A transistor can be represented as two diodes, with a junction in the middle shown for both polarities in the figure above. This figure only shows an analogy for better understanding. Hence, connecting two discrete diodes in this manner as shown in the diagram will not make a transistor, because the point where they meet must be a common junction on the same piece of silicon (or germanium) - hence (in part) the term Bipolar Junction Transistor. The "bipolar" term means that transistors use "charge carriers" of both polarities - positive and negative, and minority and majority.
Since the base to collector junction is reverse biased in normal operation, there will be no current flow. It is the action of injecting current into the base that causes current flow in the collector circuit.
Testing transistor with a multimeter
If your multimeter has a designated "diode check" function, use that rather than the "resistance" range, and the meter will display the actual forward voltage of the PN junction and not just whether or not it conducts current.
If a multimeter with a "diode check" function is used in to test transistor, it will be found that the emitter-base junction has a slightly greater forward voltage drop than the collector-base junction. This forward voltage difference is due to the imbalance in doping concentration between the emitter and collector regions of the transistor. The emitter region is heavily doped compared to collector region, causing its junction with the base to produce a higher forward voltage drop.
- Meter touching wire a (+) and b (-): "OL"
- Meter touching wire a (-) and b (+): "OL"
- Meter touching wire a (+) and c (-): 0.65 volts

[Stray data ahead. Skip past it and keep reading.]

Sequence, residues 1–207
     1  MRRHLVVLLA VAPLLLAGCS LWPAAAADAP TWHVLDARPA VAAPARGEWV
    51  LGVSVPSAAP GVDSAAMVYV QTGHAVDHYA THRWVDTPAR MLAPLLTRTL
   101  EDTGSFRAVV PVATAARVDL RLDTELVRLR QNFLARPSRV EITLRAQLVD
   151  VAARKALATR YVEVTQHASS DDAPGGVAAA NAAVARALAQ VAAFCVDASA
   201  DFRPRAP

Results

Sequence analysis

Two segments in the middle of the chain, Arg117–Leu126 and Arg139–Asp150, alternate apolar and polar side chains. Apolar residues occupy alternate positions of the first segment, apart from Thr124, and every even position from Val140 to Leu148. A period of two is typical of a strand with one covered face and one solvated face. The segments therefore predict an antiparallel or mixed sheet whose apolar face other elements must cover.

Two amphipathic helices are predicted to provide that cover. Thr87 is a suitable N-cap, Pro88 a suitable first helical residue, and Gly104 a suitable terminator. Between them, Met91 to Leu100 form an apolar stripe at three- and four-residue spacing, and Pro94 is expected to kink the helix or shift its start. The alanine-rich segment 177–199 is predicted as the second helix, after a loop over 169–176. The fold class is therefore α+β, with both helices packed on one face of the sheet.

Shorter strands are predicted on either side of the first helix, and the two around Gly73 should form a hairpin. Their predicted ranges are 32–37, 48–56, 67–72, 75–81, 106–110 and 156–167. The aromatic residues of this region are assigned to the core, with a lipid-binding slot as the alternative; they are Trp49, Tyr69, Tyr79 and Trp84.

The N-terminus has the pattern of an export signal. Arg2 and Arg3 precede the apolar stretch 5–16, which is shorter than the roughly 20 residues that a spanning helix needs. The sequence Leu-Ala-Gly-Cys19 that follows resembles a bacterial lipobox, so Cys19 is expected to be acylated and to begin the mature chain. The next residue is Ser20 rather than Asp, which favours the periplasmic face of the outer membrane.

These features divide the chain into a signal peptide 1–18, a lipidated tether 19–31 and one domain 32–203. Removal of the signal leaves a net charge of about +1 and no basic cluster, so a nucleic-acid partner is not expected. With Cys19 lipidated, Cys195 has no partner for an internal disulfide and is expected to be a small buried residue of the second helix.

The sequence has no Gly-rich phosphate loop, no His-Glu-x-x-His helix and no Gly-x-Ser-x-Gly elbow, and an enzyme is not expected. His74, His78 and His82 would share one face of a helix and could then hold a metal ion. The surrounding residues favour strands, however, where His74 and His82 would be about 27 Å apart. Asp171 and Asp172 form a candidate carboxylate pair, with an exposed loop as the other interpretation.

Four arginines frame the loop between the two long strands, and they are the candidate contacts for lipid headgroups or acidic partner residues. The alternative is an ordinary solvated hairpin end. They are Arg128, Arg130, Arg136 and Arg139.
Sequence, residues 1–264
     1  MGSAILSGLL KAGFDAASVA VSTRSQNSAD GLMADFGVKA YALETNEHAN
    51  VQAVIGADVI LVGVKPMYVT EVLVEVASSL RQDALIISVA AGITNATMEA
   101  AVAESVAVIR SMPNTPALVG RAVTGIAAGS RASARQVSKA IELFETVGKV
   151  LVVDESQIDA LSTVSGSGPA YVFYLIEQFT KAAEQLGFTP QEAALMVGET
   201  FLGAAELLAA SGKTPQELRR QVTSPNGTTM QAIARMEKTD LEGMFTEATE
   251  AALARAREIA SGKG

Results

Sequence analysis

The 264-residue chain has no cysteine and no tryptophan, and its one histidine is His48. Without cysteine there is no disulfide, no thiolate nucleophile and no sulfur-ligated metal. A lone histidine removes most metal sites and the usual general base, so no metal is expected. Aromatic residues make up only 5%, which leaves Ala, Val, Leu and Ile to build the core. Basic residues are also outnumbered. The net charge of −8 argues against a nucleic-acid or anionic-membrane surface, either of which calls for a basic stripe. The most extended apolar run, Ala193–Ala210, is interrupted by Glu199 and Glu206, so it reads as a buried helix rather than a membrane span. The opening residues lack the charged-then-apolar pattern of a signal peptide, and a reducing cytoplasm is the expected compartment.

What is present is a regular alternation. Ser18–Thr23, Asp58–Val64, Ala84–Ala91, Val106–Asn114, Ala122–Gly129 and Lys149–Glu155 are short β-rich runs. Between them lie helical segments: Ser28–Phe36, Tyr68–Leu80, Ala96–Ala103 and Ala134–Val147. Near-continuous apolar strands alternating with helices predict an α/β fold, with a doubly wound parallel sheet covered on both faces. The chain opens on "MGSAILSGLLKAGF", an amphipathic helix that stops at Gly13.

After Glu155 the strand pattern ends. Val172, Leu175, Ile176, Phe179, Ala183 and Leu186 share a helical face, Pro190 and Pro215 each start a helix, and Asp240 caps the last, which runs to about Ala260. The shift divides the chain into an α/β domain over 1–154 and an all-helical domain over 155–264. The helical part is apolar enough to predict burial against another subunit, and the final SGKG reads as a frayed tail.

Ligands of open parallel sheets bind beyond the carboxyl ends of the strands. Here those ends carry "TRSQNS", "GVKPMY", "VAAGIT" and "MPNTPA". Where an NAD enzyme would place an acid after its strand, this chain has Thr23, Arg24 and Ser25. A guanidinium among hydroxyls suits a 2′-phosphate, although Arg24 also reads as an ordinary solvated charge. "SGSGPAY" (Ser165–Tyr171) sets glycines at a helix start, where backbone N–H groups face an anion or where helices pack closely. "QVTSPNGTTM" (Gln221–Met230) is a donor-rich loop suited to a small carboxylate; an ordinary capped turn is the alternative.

- Meter touching wire a (-) and c (+): "OL"
- Meter touching wire b (+) and c (-): 0.63 volts
- Meter touching wire b (-) and c (+): "OL"
The only combinations of test points giving conducting meter readings are wires a and c (red test lead on a and black test lead on c), and wires b and c (red test lead on b and black test lead on c). These two readings must indicate forward biasing of the emitter-to-base junction (0.65 volts) and the collector-to-base junction (0.63 volts).
Now we look for the one wire common to both sets of conductive readings. It must be the base connection of the transistor, because the base is the only layer of the three-layer device common to both sets of PN junctions (emitter-base and collector-base).
In this example, that wire is number c, being common to both the a-c and the b-c test point combinations. In both those sets of meter readings, the black (-) meter test lead was touching wire c, which tells us that the base of this transistor is made of N-type semiconductor material (black = negative). Thus, the transistor is an PNP type with base on wire c, emitter on wire a and collector on wire b.
Use a multimeter, battery, resistor and LED to check each pair of leads for conduction. Set digital multimeter at diode test point and an analogue multimeter at low resistance range.
Test each pair of leads both ways (therefore total tests = six):
- The base-emitter (BE) junction should conduct like a diode and current is made to flow in one direction only.
- The base-collector (BC) junction should behave like a diode and conduct in one direction only.
- The collector-emitter (CE) should not conduct either way.
The above diagram shows how the junctions behave in a NPN transistor.
In case of a PNP transistor same test procedure can be used.